On the 4th of June rejoined the division. My regiment was here transferred from the First to the Second Brigade, commanded by Colonel Bond, One hundred and eleventh Ohio Volunteer Infantry. On the 9th of June a reconnaissance was ordered to be made in the direction of Lost Mountain, in which the Eightieth did its full share. On the 10th moved forward and took position to the left of Lost Mountain, within 500 yards of the enemy's works, continually skirmishing with the rebels until the 15th, when an advance was ordered, and as I was in command on the skirmish line, I can tell nothing of the actions of the regiment that day, but know that it was all that could be expected. Nothing of interest occurred from the 15th to the 22d. On the 23rd my regiment was ordered forward into position on the right of the Twentieth Corps.
Here permit me to speak of the brave and gallant conduct of Captain Jacob Ragle (Company K) and D. C. Ashby, first lieutenant Company H, who had charge of my skirmishers, who bravely held the enemy in check until the regiment could get in position and throw up temporary breast-works. Here at this point my regiment skirmished with the enemy up to the morning of the 26th, when I was ordered to guard a supply train to Acworth. At Acworth, Big Shanty, and Marietta, I was retained on guard duty until the 15th of July. then I rejoined the brigade at the mouth of Soap Creek. On the 17th an advance was ordered to move forward in direction of Decatur, met with no opposition except a few rebel cavalry. On the 19th met a heavy rebel force; attacked and drove them beyond Decatur, losing a few men wounded.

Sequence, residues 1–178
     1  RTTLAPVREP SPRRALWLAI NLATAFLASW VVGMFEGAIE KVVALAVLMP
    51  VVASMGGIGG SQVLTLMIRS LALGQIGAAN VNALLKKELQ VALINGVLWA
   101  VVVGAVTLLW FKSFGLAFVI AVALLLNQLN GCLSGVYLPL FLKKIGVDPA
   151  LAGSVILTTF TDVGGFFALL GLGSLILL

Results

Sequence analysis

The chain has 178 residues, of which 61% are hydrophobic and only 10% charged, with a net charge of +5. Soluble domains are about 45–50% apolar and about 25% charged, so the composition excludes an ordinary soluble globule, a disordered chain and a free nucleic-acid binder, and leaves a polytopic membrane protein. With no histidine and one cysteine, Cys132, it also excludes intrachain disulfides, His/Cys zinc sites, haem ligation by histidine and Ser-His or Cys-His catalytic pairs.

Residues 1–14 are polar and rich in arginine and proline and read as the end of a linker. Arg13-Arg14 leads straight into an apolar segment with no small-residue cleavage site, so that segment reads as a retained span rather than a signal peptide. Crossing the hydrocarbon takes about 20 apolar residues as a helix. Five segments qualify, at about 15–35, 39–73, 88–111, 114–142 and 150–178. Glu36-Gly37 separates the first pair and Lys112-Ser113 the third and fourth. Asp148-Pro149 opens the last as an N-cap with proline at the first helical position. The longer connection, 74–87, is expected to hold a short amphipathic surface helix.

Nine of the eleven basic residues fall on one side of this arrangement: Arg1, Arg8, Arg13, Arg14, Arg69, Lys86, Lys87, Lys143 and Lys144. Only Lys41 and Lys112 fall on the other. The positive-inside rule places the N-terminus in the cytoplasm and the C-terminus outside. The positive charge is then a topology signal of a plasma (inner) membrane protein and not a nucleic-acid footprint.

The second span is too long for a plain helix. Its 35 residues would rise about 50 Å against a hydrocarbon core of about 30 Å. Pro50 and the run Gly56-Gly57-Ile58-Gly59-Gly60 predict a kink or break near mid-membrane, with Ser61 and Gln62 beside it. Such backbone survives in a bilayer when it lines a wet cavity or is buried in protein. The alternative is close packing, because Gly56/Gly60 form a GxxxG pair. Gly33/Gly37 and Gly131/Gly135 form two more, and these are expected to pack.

Here I wish to speak of the efficient, brave, and gallant conduct of First Lieutenant Isum Gwin, Company D, who had charge of the skirmish line of my regiment. He drove the rebels, having to advance through a field under a galling fire, yet with that courage rare and only belonging to the brave, led forward his men, being present at all times where most needed, steadily driving the enemy, killing and wounding many, proving himself on this occasion, as on every other, worthy of a better position. On the 20th we moved to the right of Decatur, engaged the enemy, drove them about one mile and a half, skirmishing with them nearly all day. Here that brave and gallant officer, Captain Mosier, proved himself, as on all other occasions, an officer worthy of the name of soldier. He commanded the skirmish line during the day, watched his position with zeal that is seldom found. Being present in front of the line at all times when most needed, exhibiting a courage rare when the rebels advanced in force again this weak lien of skirmishers, he held them in check for some time. When compelled to fall back he did so exposing himself to the greatest danger, his line suffering severely in killed and wounded. Re-enforcements soon came up, then he soon regained his position and held it during the day. On the morning of the 22d, at 3 a. m., it was found that the rebels had evacuated their works and retreated in the direction of Atlanta. Early the same morning I received orders to march in the direction of Atlanta; came up with the rebels about 10 a. m.; the army took position; my regiment in the reserve, where we lay, being exposed continually to the enemy's shells. On the 28th I was ordered to make a reconnaissance and ascertain their position and strength. I moved forward about one mile, attacked and drove in the rebel skirmishers, pressed close up to the works; found them strongly intrenched, receiving a heavy